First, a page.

Lima is the capital and the largest city of Peru. It is located in the valleys of the Chillón, Rímac and Lurín rivers, in the central coastal part of the country, in a valley on a prevalent desert coast overlooking the Pacific Ocean. Together with the seaport of Callao, it forms a contiguous urban area known as the Lima Metropolitan Area. With a population approaching 9 million, Lima is the most populous metropolitan area of Peru, and the fourth largest city in the Americas (as defined by "city proper").
Lima was founded by Spanish conquistador Francisco Pizarro on January 18, 1535, as Ciudad de los Reyes. It became the capital and most important city in the Spanish Viceroyalty of Peru. Following the Peruvian War of Independence, it became the capital of the Republic of Peru. Today, around one-third of the Peruvian population lives in the metropolitan area.
Lima is home to one of the oldest higher learning institutions in the New World. The National University of San Marcos, founded on May 12, 1551 during Spanish colonial regime, is the oldest continuously functioning university in the Americas.
In the pre-Columbian era, the location of what is now the city of Lima was inhabited by several Amerindian groups under the Ychsma polity, which was incorporated into the Inca Empire in the 15th century. In 1532, a group of Spanish conquistadors led by Francisco Pizarro defeated the Inca ruler Atahualpa and took over his Empire. As the Spanish Crown had named Pizarro governor of the lands he conquered, he chose the Rímac valley to found his capital on January 18, 1535 as Ciudad de los Reyes (City of the Kings). In August 1536, rebel Inca troops led by Manco Inca besieged the city but were defeated by the Spaniards and their native allies.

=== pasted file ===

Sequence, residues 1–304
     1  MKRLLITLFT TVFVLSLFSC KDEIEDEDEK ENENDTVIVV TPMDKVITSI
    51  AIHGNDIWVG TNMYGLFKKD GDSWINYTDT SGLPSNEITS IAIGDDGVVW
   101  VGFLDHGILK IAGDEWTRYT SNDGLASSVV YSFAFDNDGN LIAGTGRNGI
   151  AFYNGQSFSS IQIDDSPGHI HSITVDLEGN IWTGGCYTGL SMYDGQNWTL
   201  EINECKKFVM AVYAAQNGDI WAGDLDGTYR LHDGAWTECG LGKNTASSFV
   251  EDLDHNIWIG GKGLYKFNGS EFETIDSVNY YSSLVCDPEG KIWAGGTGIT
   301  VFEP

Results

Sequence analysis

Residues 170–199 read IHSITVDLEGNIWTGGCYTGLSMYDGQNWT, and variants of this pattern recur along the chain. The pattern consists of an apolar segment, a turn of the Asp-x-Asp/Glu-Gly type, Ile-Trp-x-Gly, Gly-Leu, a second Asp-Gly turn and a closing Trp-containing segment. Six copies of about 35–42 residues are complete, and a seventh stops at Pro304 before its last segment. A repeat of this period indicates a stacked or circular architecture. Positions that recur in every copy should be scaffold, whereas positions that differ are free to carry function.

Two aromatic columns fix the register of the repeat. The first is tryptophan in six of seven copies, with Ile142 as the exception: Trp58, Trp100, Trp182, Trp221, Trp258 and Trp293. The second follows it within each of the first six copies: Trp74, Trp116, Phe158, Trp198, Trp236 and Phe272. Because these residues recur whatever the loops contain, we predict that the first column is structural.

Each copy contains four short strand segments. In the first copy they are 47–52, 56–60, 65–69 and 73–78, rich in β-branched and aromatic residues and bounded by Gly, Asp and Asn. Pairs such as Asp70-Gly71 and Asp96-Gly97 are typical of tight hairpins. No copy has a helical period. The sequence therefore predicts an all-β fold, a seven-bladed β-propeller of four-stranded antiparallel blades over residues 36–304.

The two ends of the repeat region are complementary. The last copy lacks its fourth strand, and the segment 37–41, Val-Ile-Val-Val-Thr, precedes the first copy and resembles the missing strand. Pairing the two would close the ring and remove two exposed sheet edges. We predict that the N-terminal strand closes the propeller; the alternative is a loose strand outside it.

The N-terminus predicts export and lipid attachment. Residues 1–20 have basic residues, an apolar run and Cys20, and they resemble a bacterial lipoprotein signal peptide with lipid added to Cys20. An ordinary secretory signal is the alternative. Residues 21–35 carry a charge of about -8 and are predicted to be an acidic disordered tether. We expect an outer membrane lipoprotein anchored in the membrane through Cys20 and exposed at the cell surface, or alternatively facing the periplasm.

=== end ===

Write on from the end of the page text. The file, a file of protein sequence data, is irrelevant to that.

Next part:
Lima gained prestige after being designated capital of the Viceroyalty of Peru and site of a Real Audiencia in 1543. During the next century it flourished as the centre of an extensive trade network which integrated the Viceroyalty with the rest of the Americas, Europe and the Far East. However, the city was not free from dangers; the presence of pirates and privateers in the Pacific Ocean lead to the building of the Walls of Lima between 1684 and 1687. Also in this last year a powerful earthquake destroyed most of the city buildings; the earthquake marked a turning point in the history of Lima as it coincided with a recession in trade and growing economic competition with other cities such as Buenos Aires.
A combined expedition of Argentine and Chilean patriots under General José de San Martín landed south of Lima in 1820 but did not attack the city. Faced with a naval blockade and the action of guerrillas on land, Viceroy José de la Serna e Hinojosa evacuated its capital on July 1821 to save the Royalist army. Fearing a popular uprising and lacking any means to impose order, the city council invited San Martín to enter Lima and signed a Declaration of Independence at his request. However, the war was not over; in the next two years the city changed hands several times.